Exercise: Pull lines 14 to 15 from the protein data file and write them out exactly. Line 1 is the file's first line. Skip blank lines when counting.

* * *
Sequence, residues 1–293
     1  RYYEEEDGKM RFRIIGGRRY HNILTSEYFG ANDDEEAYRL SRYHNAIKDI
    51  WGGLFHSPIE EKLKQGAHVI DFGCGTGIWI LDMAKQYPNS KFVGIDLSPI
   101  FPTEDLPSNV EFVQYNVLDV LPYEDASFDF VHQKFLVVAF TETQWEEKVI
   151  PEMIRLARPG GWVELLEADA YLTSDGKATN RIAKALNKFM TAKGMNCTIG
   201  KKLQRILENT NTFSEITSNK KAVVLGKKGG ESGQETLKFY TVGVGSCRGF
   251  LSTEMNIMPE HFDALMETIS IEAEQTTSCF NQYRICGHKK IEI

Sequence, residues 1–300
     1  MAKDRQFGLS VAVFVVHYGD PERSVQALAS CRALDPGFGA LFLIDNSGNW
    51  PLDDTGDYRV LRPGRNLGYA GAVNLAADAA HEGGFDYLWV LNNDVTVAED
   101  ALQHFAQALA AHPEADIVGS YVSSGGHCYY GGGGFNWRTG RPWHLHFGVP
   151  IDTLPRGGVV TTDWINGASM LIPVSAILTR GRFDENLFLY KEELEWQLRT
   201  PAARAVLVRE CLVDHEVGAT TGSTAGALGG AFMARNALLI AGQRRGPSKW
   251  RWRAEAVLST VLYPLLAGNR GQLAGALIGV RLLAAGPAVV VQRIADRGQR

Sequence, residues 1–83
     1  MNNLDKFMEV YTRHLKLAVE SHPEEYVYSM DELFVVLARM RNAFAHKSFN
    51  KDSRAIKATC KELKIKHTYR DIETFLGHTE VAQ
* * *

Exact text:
   251  RWRAEAVLST VLYPLLAGNR GQLAGALIGV RLLAAGPAVV VQRIADRGQR

Sequence, residues 1–83